An Election Result That Would Improve Foreign Policy

October 29, 2010 Topic: CongressDomestic PoliticsElections Region: United States Blog Brand: Paul Pillar

An Election Result That Would Improve Foreign Policy

California's proposition to reduce the nefarious practice of gerrymandering would help fix a partisan Congress incapable of producing sound foreign policy.

Although foreign and security policy has received less attention than domestic issues in the election campaign, there has been informed speculation about the implications for foreign policy of possible election outcomes—of a swing toward the Republicans, of split control between the White House and Congress, of the rise of the Tea Party movement. Although each of these is likely to have visible near-term implications for foreign policy, I'm taking a longer term perspective and looking hopefully at another contest to be decided on Tuesday: Proposition 20 in California. This initiative would take the drawing of Congressional district lines out of the hands of the state legislature and give it to a redistricting commission. A separate initiative passed two years ago created the commission and gave it the job of drawing lines for the legislature's own districts. Passage of Proposition 20 would be an encouraging step toward reducing the egregious gerrymandering that leads the current map of U.S. Congressional districts to inspire even more flights of fancy than did Elbridge Gerry's salamander—such as the Illinois 17th, the “rabbit on a skateboard”.  

Gerrymandering has had several nefarious effects, including entrenching incumbents and giving unfair advantage to whichever party had the power to draw the lines. Another effect has been to create more seats in the U.S. House of Representative that are safe for one or the other of the two parties. This in turn has meant less responsiveness to the popular will, which requires genuinely competitive districts. It also has meant an accentuation of political polarization and partisanship. In many districts the only real contests, which may be waged in primary elections, are for support of the hard core base of one or the other party. There simply is little incentive to reach across the party divide.

The heightened partisanship that has been so apparent in Washington over the past quarter century has had corrosive effects on policy-making that are often noted, including by some discouraged retiring Congressmen. The damage is to foreign policy as well as domestic. It materializes most often in the scoring of partisan points or the seeking of partisan advantage taking priority over the pursuit of sound policy on whatever is the issue at hand. We got a recent reminder of this in Senate Republican leader Mitch McConnell's remarkably blatant (and honest) statement of his priorities for the coming session—that “the single most important thing we want to achieve is for President Obama to be a one-term president.” At other times the corrosive effects take the form less of sharp party divides than of one party going against its better judgment for fear of getting politically whacked on a issue on which the other party has a natural advantage—a pattern seen most often among Democrats afraid of being labeled soft on national security.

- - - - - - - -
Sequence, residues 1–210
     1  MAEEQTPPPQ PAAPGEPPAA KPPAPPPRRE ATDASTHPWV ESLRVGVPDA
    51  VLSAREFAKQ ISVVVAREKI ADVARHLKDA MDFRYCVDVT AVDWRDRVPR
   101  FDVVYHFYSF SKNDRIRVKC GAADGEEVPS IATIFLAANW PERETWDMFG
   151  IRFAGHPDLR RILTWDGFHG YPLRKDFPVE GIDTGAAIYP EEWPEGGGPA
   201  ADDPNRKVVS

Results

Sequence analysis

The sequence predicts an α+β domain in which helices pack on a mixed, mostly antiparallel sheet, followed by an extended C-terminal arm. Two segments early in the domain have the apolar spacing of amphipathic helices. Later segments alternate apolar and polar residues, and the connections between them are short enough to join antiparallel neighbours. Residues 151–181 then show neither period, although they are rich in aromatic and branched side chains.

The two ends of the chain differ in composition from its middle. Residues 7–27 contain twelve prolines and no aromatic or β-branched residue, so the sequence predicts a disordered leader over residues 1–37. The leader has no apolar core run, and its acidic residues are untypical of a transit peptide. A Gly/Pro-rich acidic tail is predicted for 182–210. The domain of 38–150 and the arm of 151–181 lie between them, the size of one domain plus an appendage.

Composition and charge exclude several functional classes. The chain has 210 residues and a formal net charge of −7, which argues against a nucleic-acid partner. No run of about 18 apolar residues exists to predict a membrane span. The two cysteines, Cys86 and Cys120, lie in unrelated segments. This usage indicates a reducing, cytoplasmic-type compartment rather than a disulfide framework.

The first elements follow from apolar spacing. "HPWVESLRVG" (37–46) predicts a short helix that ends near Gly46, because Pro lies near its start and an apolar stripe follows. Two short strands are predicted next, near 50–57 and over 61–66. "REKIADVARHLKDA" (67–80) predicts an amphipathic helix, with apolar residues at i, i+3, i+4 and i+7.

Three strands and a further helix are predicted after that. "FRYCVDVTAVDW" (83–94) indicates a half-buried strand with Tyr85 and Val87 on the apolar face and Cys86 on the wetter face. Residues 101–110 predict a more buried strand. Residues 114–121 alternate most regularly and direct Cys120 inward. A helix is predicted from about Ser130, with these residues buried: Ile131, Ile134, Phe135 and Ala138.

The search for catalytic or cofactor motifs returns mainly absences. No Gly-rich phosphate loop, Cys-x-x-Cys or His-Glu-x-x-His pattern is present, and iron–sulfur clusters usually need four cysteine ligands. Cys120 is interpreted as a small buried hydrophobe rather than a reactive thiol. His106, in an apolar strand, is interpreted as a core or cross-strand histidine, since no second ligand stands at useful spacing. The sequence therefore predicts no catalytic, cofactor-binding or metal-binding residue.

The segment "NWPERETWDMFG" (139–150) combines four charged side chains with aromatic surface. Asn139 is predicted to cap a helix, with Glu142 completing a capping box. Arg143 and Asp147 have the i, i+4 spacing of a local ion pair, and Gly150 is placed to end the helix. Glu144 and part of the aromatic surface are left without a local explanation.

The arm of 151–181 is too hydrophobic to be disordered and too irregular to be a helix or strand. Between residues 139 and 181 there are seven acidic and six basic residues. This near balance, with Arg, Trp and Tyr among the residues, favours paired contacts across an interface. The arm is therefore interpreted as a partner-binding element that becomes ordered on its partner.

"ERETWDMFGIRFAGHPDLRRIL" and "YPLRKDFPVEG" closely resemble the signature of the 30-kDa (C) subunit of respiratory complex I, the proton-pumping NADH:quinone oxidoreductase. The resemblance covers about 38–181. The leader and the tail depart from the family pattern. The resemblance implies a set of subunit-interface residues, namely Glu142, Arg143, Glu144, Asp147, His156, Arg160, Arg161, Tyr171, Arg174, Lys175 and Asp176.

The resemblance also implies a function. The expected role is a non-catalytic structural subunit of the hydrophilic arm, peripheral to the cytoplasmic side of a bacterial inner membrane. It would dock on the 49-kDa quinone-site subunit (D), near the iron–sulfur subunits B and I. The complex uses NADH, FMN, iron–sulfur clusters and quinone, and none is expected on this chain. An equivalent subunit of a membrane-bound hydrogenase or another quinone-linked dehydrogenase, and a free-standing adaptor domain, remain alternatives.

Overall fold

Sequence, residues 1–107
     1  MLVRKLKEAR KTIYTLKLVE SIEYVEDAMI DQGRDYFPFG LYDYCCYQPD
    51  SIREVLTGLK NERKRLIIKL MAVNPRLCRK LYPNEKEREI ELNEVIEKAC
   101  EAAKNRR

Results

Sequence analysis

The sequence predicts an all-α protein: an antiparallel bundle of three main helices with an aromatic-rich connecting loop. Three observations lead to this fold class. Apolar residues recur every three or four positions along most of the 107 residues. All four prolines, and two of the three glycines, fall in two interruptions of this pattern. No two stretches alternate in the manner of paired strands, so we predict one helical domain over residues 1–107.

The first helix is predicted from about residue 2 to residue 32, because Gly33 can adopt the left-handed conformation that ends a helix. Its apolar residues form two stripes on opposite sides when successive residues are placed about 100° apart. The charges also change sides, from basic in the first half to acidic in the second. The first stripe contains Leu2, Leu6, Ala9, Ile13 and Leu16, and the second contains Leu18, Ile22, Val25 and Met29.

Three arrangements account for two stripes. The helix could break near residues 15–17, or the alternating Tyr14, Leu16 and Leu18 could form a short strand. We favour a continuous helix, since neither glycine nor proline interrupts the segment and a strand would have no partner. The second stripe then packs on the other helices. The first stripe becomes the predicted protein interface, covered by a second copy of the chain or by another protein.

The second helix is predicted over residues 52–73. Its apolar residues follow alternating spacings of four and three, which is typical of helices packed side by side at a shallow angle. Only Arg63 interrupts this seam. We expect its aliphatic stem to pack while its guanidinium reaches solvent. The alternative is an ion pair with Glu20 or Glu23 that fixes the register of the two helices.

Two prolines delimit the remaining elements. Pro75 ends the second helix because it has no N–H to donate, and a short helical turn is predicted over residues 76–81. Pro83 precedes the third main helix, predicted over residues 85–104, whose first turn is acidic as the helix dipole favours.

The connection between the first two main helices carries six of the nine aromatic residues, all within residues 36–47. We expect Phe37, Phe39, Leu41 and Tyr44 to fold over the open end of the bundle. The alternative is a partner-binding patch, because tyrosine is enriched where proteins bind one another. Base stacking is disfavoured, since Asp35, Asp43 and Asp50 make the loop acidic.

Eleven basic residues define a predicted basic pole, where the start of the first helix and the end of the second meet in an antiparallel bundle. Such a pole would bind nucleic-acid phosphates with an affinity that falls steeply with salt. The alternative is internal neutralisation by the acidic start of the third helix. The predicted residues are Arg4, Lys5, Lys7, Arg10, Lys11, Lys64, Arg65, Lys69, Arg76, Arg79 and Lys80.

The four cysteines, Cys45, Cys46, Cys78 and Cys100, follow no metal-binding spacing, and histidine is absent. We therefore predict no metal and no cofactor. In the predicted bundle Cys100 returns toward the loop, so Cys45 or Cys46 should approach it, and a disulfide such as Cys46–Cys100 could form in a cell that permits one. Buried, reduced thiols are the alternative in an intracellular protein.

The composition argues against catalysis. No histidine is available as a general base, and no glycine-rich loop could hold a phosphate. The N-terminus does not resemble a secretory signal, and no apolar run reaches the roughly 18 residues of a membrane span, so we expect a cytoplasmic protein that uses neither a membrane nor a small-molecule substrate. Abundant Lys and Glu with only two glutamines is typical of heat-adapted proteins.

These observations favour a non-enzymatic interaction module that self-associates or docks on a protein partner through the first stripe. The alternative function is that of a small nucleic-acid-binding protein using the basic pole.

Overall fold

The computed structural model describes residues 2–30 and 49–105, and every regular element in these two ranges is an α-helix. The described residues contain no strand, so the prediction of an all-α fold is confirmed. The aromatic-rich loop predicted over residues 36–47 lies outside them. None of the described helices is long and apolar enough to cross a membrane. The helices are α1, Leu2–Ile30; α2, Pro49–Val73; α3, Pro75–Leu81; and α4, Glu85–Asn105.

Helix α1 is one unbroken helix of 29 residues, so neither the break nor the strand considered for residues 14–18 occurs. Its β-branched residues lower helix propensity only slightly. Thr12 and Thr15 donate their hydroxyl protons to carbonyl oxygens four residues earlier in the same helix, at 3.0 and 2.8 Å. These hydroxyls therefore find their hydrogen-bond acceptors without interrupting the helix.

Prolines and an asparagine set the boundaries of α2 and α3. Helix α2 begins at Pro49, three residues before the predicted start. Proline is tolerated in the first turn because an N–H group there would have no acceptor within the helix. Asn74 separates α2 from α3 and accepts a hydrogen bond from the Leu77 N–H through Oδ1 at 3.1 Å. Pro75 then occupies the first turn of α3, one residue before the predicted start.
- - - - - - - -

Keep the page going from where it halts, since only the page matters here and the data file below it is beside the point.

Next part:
Proposition 20 has significant opposition. In fact, there is another initiative on the California ballot—Proposition 27—that would dissolve the existing commission and give the drawing of the state legislature's own district lines back to the legislature itself. (If both initiatives pass, the one with more “yes” votes becomes law.) Democrats, who enjoy a majority in the legislature, are on the wrong side of this issue. Prominent Democrats, including Speaker of the House Nancy Pelosi and House Foreign Affairs Committee chairman Howard Berman, oppose Proposition 20.

Passage of Proposition 20 would be far from a cure-all for gerrymandering. The redistricting commissions in the dozen or so states that already have them display varying degrees of independence from the elected politicians who in many cases choose most of the commission members. The best of the current procedures for drawing district lines is in Iowa, where the job is performed by a group of apolitical bureaucrats who are specifically enjoined from considering the geographic distribution of party supporters or the location of incumbents' residences. The state legislature still approves or disapproves the bureaucrats' work, but only on an up-or-down vote on the entire plan and subject to challenge in the courts on whether the explicitly apolitical standards for line-drawing are being met.

The connection from redistricting to level of partisanship to cogency in policy-making is admittedly one that will not be clearly and quickly apparent. But current arrangements are so hostile both to democratic principles and to careful consideration of policy that every little bit helps.